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Ship shape: Archway studios, by Undercurrent Architects.

On a decrepit industrial site next to a Victorian railway viaduct in London, Undercurrent Architects imagined something truly extraordinary. Built in and around a railway viaduct they have created an uplifting live-work space that is manifest in the form of a fluid industrial secretion. An ooze of grease from a giant industrial machine perhaps.

The building seems as a gut response to the intense Victorian industrial heritage of the site. The dense overcrowding of those times appears to be a cue to literally squeeze habitable space from the site, almost accepting the resulting form as a consequence of the process. If that is the suggestion of course, it is an illusion. The building is pure artifice.

Site conditions were tight, with a narrow plot, limited access to light and views, and the railway as a source of noise and vibration.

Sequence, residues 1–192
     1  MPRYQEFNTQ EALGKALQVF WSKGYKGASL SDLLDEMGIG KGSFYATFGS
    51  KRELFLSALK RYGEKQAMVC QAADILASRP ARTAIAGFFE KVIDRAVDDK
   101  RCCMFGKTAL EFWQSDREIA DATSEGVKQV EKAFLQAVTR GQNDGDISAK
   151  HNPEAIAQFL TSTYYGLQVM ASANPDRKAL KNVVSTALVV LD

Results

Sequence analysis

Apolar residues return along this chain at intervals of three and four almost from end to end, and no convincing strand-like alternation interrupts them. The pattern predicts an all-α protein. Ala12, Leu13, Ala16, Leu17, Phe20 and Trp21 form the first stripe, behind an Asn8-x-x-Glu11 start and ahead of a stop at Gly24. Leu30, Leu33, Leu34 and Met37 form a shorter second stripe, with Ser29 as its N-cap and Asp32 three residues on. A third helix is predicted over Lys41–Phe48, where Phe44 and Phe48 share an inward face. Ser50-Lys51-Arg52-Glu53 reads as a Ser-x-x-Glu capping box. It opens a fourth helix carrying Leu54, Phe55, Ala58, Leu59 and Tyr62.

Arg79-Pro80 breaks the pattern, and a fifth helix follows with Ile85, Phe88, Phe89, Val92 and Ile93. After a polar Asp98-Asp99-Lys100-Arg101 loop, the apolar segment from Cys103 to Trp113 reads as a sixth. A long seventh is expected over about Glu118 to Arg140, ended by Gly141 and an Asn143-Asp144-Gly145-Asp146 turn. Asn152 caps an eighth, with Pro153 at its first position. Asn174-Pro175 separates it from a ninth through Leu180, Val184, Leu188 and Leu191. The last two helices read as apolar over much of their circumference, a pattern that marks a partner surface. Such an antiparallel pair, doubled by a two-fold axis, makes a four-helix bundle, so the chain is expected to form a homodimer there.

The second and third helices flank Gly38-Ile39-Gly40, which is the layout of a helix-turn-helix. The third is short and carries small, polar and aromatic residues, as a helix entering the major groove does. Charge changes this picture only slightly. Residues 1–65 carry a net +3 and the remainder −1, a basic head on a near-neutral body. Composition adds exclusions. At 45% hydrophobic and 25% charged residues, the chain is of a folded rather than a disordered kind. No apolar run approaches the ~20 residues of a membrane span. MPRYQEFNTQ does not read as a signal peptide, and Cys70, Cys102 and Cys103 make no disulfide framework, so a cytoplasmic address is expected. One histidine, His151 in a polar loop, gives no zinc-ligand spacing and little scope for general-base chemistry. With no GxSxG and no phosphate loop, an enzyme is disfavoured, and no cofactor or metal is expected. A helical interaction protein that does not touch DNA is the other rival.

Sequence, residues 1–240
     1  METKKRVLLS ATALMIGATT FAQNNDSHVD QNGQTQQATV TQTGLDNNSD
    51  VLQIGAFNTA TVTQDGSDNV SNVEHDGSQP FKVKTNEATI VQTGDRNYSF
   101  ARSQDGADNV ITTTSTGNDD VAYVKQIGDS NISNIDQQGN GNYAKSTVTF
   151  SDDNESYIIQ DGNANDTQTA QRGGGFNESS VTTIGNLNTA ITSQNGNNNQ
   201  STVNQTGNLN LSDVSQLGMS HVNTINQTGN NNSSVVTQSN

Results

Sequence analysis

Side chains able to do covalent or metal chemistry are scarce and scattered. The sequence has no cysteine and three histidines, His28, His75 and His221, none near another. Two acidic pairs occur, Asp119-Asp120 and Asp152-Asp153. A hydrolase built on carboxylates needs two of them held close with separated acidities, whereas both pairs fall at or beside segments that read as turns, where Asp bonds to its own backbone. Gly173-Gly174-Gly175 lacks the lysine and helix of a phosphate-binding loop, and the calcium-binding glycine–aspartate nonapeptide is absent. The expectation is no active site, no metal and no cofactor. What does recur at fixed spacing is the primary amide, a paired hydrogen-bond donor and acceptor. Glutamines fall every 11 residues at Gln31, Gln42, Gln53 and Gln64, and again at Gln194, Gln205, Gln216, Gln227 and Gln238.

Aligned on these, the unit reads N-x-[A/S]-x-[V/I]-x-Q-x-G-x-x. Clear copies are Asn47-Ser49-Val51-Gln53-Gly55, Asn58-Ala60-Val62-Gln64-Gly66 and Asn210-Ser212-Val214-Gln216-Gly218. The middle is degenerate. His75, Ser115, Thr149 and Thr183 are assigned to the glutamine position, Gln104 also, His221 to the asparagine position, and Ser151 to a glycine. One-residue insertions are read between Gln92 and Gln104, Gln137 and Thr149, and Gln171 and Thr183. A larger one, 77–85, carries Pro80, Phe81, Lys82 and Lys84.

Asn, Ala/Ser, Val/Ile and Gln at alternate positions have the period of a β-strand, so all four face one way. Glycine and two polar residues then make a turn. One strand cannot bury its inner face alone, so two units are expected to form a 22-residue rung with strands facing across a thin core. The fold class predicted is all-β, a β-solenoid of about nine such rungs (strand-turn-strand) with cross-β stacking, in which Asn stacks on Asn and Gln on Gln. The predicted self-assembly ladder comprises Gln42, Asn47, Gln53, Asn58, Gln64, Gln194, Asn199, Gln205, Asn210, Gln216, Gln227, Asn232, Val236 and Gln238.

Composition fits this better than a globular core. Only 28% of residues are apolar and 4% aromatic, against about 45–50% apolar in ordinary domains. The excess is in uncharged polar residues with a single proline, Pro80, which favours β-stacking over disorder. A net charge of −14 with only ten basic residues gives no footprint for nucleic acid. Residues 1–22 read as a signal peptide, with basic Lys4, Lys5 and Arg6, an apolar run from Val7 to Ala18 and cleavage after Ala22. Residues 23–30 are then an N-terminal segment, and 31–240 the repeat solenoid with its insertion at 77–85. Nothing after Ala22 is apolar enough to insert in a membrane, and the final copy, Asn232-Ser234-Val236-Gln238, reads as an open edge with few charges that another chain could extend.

At the heart of the living quarters is a double volume space with accommodation flowing off it. This space is top lit and is flooded with light. Lacerations in the side walls provide other glazing slots with a fully glazed end wall providing light in abundance.

The structure itself is also very interesting. Steel semi-monocoque elements were fabricated off site, more in the spirit of a ship than a building. The photos here, provided by the architect, give an interesting insight into the fabrication process.

Side perspective.

Entrance.

Structure detail.

Roof light.

Looking into the atrium.

Views into rooms.

Stairs.

Night concept.

 

 

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